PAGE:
In May 2006, Classic Media released a fine two disc double feature of Ishiro Honda’s Japanese version of GOJIRA and its American reworking, GODZILA, KING OF THE MONSTERS. This marked the first time the original Honda version was released to region one DVD and the collector’s edition featured some really excellent extras such as a documentary on the making of the film as well as informative and entertaining audio commentaries by noted Toho monster movie experts Ed Godziszewski and Steve Ryfle. At the time, it seemed that this was the definitive release as it seemed unlikely that film elements would ever be found that would make the 50 plus year-old films look better than they were. In fact, in 2009, Classic Media released an extremely substandard Blu-Ray disc of the Honda version only which featured no video or audio cleanup of any kind.
Two years later, a rather surprising announcement was made from the good people at Criterion (and which quickly spread to various monster fan websites) that they had obtained original film elements for not only the Japanese version, but original elements for the 1956 American version. Up until 2011, the only DVD releases of GODZILLA, KING OF THE MONSTERS were made from 35mm prints but not from original elements. Thus these presentations look passable, but not outstanding. Well now…through the improved DVD/Blu-Ray technology since 2006, Criterion has joined forces with Toho and Classic Media (C.M.’s name appears prominently on the back cover) to produce a much improved visual and audio presentation of one of the most historically important science fiction films of its era.
The background of the creation, production, and aftermath of GOJIRA and GODZILLA, KING OF THE MONSTERS was thoroughly covered in this reviewer’s 2006 review pertaining to the Classic Media release so that will not be revisited here, however, genre fans will definitely want to give this Criterion redo a look.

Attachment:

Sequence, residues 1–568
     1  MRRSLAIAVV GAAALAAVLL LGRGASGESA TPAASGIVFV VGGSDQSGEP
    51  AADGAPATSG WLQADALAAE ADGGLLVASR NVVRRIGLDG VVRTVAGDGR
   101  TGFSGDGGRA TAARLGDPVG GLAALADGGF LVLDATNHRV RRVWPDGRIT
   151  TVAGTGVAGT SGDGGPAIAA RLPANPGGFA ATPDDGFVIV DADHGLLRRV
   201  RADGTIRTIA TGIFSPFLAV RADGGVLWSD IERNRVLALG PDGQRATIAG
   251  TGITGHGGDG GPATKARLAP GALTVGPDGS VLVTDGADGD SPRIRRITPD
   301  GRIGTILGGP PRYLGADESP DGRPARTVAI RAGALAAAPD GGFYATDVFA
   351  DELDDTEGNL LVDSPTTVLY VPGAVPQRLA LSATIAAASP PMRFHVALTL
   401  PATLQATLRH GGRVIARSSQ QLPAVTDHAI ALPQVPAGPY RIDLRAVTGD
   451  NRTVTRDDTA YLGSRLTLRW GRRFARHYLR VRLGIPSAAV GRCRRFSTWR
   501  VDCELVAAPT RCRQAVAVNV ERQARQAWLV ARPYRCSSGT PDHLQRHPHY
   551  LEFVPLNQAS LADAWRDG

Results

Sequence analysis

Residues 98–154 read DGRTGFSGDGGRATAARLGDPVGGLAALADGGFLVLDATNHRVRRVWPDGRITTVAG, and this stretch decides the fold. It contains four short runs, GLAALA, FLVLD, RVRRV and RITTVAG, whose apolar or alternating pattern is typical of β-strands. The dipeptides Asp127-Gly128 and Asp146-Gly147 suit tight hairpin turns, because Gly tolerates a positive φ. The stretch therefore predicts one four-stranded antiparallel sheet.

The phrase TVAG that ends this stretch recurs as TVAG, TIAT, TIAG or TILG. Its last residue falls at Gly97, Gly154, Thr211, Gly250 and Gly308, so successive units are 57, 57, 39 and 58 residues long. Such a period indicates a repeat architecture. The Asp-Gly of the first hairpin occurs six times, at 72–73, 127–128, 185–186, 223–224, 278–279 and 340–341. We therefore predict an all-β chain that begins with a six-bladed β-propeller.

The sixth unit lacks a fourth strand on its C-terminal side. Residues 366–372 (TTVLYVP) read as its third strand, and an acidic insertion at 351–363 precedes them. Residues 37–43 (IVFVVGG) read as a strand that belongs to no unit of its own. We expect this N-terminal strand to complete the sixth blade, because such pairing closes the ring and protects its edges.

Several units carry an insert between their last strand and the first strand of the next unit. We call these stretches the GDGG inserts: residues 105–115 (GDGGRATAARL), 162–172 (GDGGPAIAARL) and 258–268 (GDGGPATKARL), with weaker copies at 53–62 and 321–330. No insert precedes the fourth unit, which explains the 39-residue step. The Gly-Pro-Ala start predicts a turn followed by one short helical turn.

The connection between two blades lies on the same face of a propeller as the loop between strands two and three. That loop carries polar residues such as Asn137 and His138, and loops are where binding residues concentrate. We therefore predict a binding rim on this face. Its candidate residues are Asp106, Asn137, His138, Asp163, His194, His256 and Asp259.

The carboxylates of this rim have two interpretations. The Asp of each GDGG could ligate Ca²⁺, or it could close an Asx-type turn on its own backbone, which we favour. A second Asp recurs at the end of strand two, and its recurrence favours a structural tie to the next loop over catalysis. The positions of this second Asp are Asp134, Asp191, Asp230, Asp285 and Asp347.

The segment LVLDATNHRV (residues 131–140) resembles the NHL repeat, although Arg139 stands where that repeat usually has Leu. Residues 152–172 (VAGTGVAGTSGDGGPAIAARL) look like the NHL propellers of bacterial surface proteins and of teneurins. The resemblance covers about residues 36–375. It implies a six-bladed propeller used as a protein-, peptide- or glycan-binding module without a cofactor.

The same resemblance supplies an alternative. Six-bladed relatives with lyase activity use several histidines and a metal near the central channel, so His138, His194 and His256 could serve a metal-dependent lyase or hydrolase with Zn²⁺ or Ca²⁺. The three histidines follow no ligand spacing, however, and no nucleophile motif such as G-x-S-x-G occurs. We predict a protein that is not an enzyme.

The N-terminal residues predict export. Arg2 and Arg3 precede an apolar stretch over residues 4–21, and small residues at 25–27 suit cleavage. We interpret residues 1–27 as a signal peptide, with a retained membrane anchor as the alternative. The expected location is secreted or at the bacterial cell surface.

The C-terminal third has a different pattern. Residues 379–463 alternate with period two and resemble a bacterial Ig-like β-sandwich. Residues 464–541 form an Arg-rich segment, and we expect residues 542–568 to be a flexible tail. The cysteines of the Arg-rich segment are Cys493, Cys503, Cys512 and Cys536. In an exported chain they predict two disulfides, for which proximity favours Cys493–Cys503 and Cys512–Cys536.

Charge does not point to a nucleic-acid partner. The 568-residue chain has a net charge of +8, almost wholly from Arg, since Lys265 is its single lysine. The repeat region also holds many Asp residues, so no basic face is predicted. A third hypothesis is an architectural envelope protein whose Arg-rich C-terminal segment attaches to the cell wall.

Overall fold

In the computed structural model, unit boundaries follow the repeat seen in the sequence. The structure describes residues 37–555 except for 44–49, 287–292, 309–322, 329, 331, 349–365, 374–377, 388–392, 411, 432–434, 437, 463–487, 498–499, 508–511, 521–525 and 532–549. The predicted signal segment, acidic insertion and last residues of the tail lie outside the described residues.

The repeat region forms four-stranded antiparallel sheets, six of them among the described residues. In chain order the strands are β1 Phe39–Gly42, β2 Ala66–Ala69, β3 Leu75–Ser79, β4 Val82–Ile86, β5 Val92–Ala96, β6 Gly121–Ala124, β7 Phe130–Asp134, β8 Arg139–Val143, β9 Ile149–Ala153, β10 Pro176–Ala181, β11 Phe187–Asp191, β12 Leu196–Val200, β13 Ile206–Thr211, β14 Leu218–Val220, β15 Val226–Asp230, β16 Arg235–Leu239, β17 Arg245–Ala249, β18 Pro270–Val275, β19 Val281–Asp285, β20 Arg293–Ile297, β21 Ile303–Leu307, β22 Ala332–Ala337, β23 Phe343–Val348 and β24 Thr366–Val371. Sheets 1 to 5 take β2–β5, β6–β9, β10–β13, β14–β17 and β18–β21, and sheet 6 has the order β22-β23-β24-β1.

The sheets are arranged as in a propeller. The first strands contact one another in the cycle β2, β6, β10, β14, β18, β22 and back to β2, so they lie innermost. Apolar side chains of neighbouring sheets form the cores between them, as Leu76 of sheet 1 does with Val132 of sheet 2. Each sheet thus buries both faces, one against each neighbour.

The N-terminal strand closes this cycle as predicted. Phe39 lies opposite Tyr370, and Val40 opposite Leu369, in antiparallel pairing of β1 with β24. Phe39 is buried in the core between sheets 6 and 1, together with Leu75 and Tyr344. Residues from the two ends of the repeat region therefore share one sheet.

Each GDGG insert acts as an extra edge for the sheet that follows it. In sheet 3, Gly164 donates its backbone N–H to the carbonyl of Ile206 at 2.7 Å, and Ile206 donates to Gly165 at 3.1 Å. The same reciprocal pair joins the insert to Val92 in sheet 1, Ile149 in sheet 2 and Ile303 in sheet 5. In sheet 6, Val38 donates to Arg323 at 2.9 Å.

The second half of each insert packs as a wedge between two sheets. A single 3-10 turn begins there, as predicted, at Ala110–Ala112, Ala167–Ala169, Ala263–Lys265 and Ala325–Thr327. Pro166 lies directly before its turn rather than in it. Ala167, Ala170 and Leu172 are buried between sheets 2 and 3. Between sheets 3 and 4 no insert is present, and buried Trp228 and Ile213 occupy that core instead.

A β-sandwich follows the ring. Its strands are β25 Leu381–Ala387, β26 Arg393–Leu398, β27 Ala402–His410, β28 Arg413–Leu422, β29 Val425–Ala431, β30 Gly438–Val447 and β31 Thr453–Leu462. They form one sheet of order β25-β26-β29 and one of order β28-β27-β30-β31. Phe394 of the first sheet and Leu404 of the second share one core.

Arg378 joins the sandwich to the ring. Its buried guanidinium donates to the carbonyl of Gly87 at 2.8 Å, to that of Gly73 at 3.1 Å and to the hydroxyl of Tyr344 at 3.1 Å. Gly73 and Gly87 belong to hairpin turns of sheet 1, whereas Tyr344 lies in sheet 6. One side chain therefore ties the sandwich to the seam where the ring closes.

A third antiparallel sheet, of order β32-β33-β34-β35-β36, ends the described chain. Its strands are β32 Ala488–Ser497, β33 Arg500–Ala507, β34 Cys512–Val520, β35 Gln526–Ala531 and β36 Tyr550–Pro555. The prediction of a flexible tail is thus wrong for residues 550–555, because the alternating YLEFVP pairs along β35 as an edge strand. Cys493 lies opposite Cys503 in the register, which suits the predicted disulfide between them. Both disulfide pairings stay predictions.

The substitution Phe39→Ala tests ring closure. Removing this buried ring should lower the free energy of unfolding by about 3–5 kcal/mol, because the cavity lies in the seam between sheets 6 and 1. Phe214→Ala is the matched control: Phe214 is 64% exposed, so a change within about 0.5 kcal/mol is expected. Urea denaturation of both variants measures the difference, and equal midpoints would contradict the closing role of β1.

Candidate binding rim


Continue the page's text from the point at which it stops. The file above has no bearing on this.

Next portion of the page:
Firstly, the video image (and this review is based on the standard two-disc DVD edition) is much improved on the Japanese version of Criterion’s release. The new high definition restoration is very sharp revealing much detail in the surroundings that were otherwise lost. This is especially true in the scene where the girls sing the “prayer of peace” in the school auditorium. The clarity is excellent and rows and rows of the singers can be clearly seen where in previous editions, they were blurred. In addition, the daytime scenes on Odo Island (where Godzilla is first revealed to movie audiences) and the scenes at the end on the boat are also exceptionally sharp. Also, one of the biggest complaints about other DVD and video presentations of this film was about how dark the scenes of Godzilla’s Tokyo raids were. Well that has been digitally cleaned up here and now audiences can clearly enjoy the monster’s rampage while getting a new appreciation of Eiji Tsuburaya’s special effects genius.